Education has always leaned on the technology and tools available at the time. Candle-lit projectors were once a classroom innovation, and personal computers used to be a $20,000 luxury that most people didn’t own. What was previously only found in schools and businesses is now widely affordable. Tablets and smartphones have become commonplace, while 92% of households have at least one type of computer. Technology has been a major factor in modern education, creating a new era for school IT.

Staff and students alike are now integrating more devices into their workflow and daily lives. Higher mixed-use situations have led to more IT challenges, as different compatibility, device specs, and usage conditions can cause unexpected issues. As a result, the role and cost of school IT has also continued to grow. Since it’s become a vital part of a stable learning environment, schools are leaning on their IT teams to support them in more ways.

Cybersecurity

Most schools are offering remote education options, which has created new challenges with cybersecurity. Students can access digital classrooms through many different devices, none of which are guaranteed to be secure off campus. As of August 2022, nearly 80% of malware encounters happened to the education industry. In a distant second, only 9.5% occurred in retail and consumer goods.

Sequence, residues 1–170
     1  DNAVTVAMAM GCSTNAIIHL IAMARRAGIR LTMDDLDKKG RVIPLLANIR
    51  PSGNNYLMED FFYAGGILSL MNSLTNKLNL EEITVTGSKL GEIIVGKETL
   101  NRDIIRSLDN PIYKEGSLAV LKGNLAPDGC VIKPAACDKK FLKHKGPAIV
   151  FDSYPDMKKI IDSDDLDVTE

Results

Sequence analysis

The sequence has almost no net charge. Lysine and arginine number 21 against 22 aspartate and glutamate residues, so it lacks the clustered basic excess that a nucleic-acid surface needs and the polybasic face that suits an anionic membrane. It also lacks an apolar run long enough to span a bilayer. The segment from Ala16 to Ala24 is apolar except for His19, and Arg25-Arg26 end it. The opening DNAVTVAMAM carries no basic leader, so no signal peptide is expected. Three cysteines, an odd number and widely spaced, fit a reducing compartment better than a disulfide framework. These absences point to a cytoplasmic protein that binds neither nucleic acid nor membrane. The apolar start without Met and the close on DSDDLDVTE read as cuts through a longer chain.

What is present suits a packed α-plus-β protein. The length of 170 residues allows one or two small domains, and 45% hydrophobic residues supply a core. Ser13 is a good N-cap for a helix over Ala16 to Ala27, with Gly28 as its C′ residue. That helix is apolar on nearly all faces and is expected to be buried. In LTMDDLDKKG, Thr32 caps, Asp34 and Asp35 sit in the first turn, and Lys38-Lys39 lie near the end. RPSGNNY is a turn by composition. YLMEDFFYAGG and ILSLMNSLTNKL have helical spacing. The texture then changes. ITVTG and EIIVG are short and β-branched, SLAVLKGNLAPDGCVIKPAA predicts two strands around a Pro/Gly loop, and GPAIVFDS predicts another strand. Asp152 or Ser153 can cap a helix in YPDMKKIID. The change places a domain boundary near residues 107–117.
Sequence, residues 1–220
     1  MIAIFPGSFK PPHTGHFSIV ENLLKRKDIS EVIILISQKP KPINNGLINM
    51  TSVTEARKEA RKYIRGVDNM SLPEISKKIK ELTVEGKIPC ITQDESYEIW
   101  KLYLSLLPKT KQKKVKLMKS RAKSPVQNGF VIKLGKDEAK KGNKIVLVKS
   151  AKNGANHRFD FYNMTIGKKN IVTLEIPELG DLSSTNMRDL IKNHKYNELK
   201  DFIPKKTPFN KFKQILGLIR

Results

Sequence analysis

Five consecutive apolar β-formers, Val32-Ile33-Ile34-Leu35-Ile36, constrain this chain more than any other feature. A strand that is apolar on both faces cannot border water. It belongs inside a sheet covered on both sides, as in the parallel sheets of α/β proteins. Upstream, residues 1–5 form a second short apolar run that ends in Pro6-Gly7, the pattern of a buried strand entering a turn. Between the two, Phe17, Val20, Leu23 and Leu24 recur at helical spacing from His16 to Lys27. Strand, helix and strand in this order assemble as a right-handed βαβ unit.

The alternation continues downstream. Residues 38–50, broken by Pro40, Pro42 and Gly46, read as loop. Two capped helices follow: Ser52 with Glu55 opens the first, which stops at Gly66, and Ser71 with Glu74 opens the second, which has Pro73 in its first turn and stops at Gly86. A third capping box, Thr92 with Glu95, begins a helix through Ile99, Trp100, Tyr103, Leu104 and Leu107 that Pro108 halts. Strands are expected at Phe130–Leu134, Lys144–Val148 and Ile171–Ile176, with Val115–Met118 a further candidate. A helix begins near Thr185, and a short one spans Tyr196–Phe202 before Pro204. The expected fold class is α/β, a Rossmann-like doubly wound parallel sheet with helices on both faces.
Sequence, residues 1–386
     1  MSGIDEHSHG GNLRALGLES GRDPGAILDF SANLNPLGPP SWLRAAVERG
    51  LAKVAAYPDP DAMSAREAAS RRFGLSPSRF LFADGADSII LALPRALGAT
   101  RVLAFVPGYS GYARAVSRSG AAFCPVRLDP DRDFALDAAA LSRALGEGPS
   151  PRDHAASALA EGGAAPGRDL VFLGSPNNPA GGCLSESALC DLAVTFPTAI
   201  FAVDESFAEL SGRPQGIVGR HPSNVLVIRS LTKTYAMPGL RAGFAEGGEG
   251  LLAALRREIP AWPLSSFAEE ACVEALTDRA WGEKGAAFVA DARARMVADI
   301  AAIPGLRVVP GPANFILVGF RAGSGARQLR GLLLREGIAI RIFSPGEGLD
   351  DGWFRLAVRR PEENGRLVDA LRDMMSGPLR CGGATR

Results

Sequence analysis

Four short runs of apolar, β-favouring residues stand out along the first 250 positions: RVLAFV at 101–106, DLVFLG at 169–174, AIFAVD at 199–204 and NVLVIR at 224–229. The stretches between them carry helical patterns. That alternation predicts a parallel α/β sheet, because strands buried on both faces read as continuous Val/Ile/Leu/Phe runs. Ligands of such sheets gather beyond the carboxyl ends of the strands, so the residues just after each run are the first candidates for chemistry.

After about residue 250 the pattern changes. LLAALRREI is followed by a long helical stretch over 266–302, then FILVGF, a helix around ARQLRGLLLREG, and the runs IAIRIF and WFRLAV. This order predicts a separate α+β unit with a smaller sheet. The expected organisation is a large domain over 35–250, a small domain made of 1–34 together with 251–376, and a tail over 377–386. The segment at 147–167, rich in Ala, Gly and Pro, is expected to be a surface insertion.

While students and staff can take steps like two-factor authentication, those are reliant on the user. For younger students especially, good cybersecurity habits aren’t something that can be taught or understood overnight. That has shifted the cybersecurity burden onto school staff and their IT teams, where different methods can help:

  • IT compliance
  • Next-generation firewalls (NGFW)
  • Threat monitoring
  • Email protection
  • Spam filtering
  • Ransomware protection
  • Staff cybersecurity training

As with any type of security, nothing is fully guaranteed. Cyber threats will continue to adapt, making data and system defense an ongoing battle. Schools can maintain a mixture of cybersecurity strategies, track potential threats, and minimize the chance of a costly breach by having an adaptable IT staff.

Remote Learning

The covid-19 pandemic gave school districts insight into what large-scale remote learning would look like. Not only is a computer used for doing basic homework tasks, but it can also act as a portable classroom with online video chat, collaboration tools, and easy access to teaching staff. During a survey period of 12 weeks during mid-2020, 99% of households reported that classes were being taught remotely or changed in some other way. While schools have shifted back to in-person courses, the role of technology has completely changed.

Most school districts maintain remote learning capabilities even if they aren’t actively used. School IT teams are heavily involved with keeping those systems up-to-date and functional by troubleshooting any issues. Students can access course information or reach out to a teacher during non-school hours due to having a stable online infrastructure. Some teachers still offer online homework submission, which is convenient for the student and reduces the chance of an assignment being misplaced.

On-Demand IT Support